The following day, Monday 20th August, a recovery team including Police Officers and members of the RAF Mountain Rescue Team from RAF Dyce made their way from Tomintoul towards Beinn a’Bhuird to attempt a recovery of the airmen. Local assistance in locating the crash site was provided by Captain D McNiven, proprietor of the Richmond Arms in Tomintoul, and Mr William Stewart, a farmer from Clashnoir, Glenlivet.
A base for the recovery operation was set up near Inchrory. The Ambulance and transport wagons also waited at Inchrory as they were unable to travel any nearer the mountain due to the rough terrain.
By Monday night the recovery team on the mountain had removed the bodies from the wreckage and made efforts to prepare them for removal down the mountain. It was not possible to further progress with the recovery that night, and indeed some of the recovery team were in doubt as to whether it would be possible to remove the bodies down the mountain at all.
To assist in bringing the bodies down mules from an Indian regiment based at Braemar were transported by road to Inchrory. It took ten days to complete the recovery operation with the recovery team working in a very remote location on steep, uneven and boulder strewn ground.
The Mountain Rescue Team burnt the remains of the wreckage at the crash site to avoid it being mistaken for any other lost aircraft in the future. Only the engines and a few other small parts of the aircraft were not burnt. It was a gruelling operation for all the men involved.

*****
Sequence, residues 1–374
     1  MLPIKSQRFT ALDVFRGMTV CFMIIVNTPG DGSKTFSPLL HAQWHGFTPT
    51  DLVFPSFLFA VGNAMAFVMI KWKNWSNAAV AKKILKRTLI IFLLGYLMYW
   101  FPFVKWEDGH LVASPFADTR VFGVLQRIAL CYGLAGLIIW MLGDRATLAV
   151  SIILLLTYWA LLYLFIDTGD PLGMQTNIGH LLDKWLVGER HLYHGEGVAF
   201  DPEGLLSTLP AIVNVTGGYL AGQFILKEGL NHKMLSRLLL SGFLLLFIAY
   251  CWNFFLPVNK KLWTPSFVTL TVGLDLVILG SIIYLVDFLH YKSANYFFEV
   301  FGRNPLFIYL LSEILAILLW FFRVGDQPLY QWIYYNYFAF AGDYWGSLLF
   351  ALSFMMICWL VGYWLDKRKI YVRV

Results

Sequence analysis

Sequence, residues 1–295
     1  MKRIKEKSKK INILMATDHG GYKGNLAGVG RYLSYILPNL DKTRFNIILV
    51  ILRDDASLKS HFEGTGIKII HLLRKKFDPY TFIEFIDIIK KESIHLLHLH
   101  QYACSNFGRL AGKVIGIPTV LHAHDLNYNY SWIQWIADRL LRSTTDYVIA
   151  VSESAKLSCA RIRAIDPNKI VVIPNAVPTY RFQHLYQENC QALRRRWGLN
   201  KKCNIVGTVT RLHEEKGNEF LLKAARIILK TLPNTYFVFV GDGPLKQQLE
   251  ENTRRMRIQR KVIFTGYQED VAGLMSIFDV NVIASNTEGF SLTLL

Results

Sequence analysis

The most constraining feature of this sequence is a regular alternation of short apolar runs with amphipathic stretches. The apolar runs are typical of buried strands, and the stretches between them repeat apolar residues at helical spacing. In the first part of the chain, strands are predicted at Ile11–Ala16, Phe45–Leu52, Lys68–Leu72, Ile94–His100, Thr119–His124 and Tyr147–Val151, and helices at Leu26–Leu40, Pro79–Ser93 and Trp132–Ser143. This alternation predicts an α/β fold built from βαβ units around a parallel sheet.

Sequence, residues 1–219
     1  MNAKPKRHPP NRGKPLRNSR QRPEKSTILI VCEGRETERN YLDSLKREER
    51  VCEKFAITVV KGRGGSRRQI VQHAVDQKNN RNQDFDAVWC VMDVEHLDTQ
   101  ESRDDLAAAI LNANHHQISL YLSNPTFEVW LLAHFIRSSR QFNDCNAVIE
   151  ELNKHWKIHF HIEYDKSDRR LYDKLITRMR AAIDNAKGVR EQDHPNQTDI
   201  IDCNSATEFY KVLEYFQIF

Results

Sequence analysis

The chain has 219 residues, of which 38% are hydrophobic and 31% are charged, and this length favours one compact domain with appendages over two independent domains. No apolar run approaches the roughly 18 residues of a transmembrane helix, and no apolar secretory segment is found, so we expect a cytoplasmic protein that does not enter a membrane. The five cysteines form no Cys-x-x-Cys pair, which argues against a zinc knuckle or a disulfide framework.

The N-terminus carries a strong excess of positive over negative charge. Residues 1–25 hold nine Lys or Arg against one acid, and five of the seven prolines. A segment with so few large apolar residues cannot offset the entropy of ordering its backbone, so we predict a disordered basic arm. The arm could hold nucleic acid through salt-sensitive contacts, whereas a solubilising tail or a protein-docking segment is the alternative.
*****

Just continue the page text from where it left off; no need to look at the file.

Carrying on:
The bodies of the five airmen recovered from Oxford PH404 were taken by road to an Aberdeen mortuary and placed in coffins. From here they were taken by train to Brookwood Military Cemetery near Woking in Surrey. They were buried there on September 3rd 1945 in the Czechoslovak section of the cemetery.
The wreckage of his aircraft still lies in a very remote location on Beinn a’Bhuird in the Cairngorm Mountains.
In 2005, a group of Air Cadets from Aberdeen, under the guidance of the Wing Chairman, Sqn Ldr Sandy Reid, a former RAF pilot who trained on Oxfords in that area, undertook to find out more about the wreckage of Jan Vellas aircraft and their enquiries led them to Linzee Druce, who researches WWII aircraft losses and is a keen hill walker living in Aberdeenshire. She was able to give him detailed information about the loss of the aircraft and the crew onboard. Armed with this information he raised funding for a memorial plaque to commemorate the crew and the many other airmen who have lost their lives in the Cairngorm Mountains. This was placed at the crash site in September 2005 and a service of dedication was performed at the site by The Reverend James Wood. Later the same day a small service took place at the War Memorial and Wellington Memorial in Braemar led by The Reverend John Forbes and The Reverend James Wood for those unable to make the journey up Beinn a’Bhuird.